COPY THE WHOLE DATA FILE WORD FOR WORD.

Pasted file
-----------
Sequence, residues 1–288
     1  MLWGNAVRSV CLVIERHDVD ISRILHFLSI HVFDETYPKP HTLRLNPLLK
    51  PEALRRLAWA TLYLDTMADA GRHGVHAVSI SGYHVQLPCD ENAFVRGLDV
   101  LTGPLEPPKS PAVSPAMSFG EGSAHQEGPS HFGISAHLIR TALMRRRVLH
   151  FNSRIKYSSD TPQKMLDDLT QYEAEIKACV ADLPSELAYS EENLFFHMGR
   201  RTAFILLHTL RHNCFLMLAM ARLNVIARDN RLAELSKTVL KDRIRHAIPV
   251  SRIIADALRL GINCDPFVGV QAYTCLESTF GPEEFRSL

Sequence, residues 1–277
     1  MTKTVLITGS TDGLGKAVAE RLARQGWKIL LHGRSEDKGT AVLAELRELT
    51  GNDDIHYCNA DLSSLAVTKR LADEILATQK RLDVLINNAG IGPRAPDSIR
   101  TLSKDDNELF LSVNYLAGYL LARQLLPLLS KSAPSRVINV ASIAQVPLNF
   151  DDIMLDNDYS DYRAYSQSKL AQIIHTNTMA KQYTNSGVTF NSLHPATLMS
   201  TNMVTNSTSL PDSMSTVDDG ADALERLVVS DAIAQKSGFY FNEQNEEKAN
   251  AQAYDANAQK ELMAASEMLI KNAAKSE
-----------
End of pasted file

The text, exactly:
Sequence, residues 1–288
     1  MLWGNAVRSV CLVIERHDVD ISRILHFLSI HVFDETYPKP HTLRLNPLLK
    51  PEALRRLAWA TLYLDTMADA GRHGVHAVSI SGYHVQLPCD ENAFVRGLDV
   101  LTGPLEPPKS PAVSPAMSFG EGSAHQEGPS HFGISAHLIR TALMRRRVLH
   151  FNSRIKYSSD TPQKMLDDLT QYEAEIKACV ADLPSELAYS EENLFFHMGR
   201  RTAFILLHTL RHNCFLMLAM ARLNVIARDN RLAELSKTVL KDRIRHAIPV
   251  SRIIADALRL GINCDPFVGV QAYTCLESTF GPEEFRSL

Sequence, residues 1–277
     1  MTKTVLITGS TDGLGKAVAE RLARQGWKIL LHGRSEDKGT AVLAELRELT
    51  GNDDIHYCNA DLSSLAVTKR LADEILATQK RLDVLINNAG IGPRAPDSIR
   101  TLSKDDNELF LSVNYLAGYL LARQLLPLLS KSAPSRVINV ASIAQVPLNF
   151  DDIMLDNDYS DYRAYSQSKL AQIIHTNTMA KQYTNSGVTF NSLHPATLMS
   201  TNMVTNSTSL PDSMSTVDDG ADALERLVVS DAIAQKSGFY FNEQNEEKAN
   251  AQAYDANAQK ELMAASEMLI KNAAKSE